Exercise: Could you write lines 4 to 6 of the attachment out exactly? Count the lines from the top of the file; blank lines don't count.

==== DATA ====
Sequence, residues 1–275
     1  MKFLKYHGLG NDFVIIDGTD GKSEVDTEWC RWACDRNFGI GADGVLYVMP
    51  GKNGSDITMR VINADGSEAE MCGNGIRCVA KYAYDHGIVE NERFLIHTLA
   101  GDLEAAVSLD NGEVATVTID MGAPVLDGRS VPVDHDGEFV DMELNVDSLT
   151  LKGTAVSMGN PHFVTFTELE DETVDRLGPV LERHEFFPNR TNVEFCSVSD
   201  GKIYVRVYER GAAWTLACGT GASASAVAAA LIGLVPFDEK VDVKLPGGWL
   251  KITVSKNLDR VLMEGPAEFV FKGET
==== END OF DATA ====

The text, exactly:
   101  GDLEAAVSLD NGEVATVTID MGAPVLDGRS VPVDHDGEFV DMELNVDSLT
   151  LKGTAVSMGN PHFVTFTELE DETVDRLGPV LERHEFFPNR TNVEFCSVSD
   201  GKIYVRVYER GAAWTLACGT GASASAVAAA LIGLVPFDEK VDVKLPGGWL